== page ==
It’s “Songs Tom Russell has written about boxers” Sunday on IchLugeBullets.com!
Tom Russell is a 58-year-old man who wrote songs for Johnny Cash, taught English in Southern Nigeria during the middle of the Biafran War, and kept Charles Bukowski as a penfriend. He then went on to record an album about his friendship with Bukowski from the viewpoint of a fictitious circus midget. He’s written detective novels, produced in-house music for circuses and strip bars, and has to me what a ravaged voice is meant to sound like, not some fucking Tom Waits “If Alex Higgins was American” shit. Proper grit 40 sandpaper vocals. You don’t listen to enough Tom Russell, for reasons that are beyond me. His back catalogue tends to deal with three things: ballads for lost Cowboy America, Mexican criminals, and boxers being hella fucked up. Here’s a Sunday tribute to the four best songs he wrote about the final of those three.
Muhammad Ali (from the album “Modern Art”)
Pro record: Won 56, lost 5, drawn 0. 37 knockouts.
Best rap lyric that also mentions this guy: “From New York to Cali, none’ll fuck with the awkward/You think Muhammad Ali used to talk shit?”
It’s a brave man who performs a song that has to go head-to-head with Kellz’s “The World’s Greatest” for the title of “Best Tribute to Everyone’s Favourite Sufi”, but Russell copes with the pressure here. It’s a simple-as-anything retelling of the Ali story – throwing belts in rivers, whitefeathering Vietnam, being a little bit mean to George Foreman – but it plays well because it’s a folk ballad, folk ballads support great heroes of the people, and who the fuck else came out of the 20th century with as much compound goodwill as Ali did? I can only think of Archie Gemmill, and nobody’s writing tunes celebrating him.
The Eyes of Roberto Duran (from the album “The Long Way Round”)
Pro record: Won 103, lost 16, drawn 0. 70 knockouts.
Best rap lyric that also mentions this guy: “I’m trying to hit you then put you in the middle of the round like I’m Roberto Duran, no mas”
This actually reminds me of a relationship with one of my ex-girlfriends, although to be fair to the girl in question she was nothing like Roberto Duran. She would have boxed at heavyweight, for one. Tom Russell appears to be implying throughout this track that the reason that the “Manos de Piedra” became one of the greatest pugilists in history was because Hispanic women can be a fucking nightmare to deal with, and so he took out all his aggression on Sugar Ray Leonard, Carlos Palomino, Paul Thorn et al. It’s certainly a theory.
The Pugilist at 59 (from the album “Love and Fear”) (which mentions Archie Moore)
Pro record: Won 185, lost 23, drew 11. 131 knockouts.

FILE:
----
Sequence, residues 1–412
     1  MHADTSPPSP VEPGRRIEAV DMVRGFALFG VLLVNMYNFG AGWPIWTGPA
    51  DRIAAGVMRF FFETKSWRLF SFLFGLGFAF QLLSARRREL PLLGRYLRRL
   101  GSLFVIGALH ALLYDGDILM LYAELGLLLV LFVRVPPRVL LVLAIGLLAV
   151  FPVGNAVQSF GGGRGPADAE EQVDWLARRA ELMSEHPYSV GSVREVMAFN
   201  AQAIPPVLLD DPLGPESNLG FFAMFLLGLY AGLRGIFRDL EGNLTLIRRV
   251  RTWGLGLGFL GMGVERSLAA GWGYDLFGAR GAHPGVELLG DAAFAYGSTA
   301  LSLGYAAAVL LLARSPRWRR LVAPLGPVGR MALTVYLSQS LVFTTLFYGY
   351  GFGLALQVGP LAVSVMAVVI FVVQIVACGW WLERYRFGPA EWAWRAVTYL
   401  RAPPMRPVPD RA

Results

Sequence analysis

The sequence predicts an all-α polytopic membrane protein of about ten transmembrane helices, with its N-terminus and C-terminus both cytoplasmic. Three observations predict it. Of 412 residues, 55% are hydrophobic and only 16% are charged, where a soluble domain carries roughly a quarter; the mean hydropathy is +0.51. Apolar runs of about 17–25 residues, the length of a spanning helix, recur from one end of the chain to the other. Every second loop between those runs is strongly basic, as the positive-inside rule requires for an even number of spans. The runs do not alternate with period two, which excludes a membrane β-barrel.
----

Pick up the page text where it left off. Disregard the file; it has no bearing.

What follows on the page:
Best rap lyric that also mentions this guy: Umm… the one where Big Pun says he has “the skills of a mongoose?”
Still can’t believe there’s no rap tune shouting out Archie Moore. There’s an entire fucking rapper who named himself after fucking Vinny Pazienza (50-10-0), and yet the hip-hop community doesn’t show the Mongoose any love back? Lame. “The Pugilist at 59” is taken from Russell’s most recent studio album, “Love and Fear”, 11 tracks that catalogue his lifetime experiences with women, hence the “My ex-girlfriends laughing from the icebox door/I put their photos up there/Yeah, we talk all the time” line. A stunningly haunting song, although it does remind me of that “Hardest game in the world, that” guy from The Fast Show.
Shipwreck Kelly (From the album “Museum of Memories”)
Pro record: Won 1, lost 2, drew 0. 1 knockout (record incomplete)
Best rap lyric that also mentions this guy: Fuck rap, Shipwreck Kelly was the original “flagpole sitter”, so it’s time to cut off my legs now I’m an amputee goddamn you.
Earl, or possibly Alvin depending on which website you look at, Kelly was a stuntman and boxer from the late 1920s who gained his nickname from his habit of being “shipwrecked” against the ropes, on account of him being fucking useless as a boxer (1-2-0 is a heavily incomplete record, bizarrely enough nobody was keeping tabs on 20s schlub boxers’ w/l records back in the day). However, what he did excel at was gimmicky, leading him to invite the concept of “flagpole sitting”: literally sitting on top of a flagpole for weeks, months on the bounce, in order to drum up interest in his fights, movie pratfalls, or just him as a fantastic human being. Russell’s song imagines him to have ended up his days drunk (both punch and gin-induced) in a pub moping about his life’s failures. Which is a pretty accurate guess.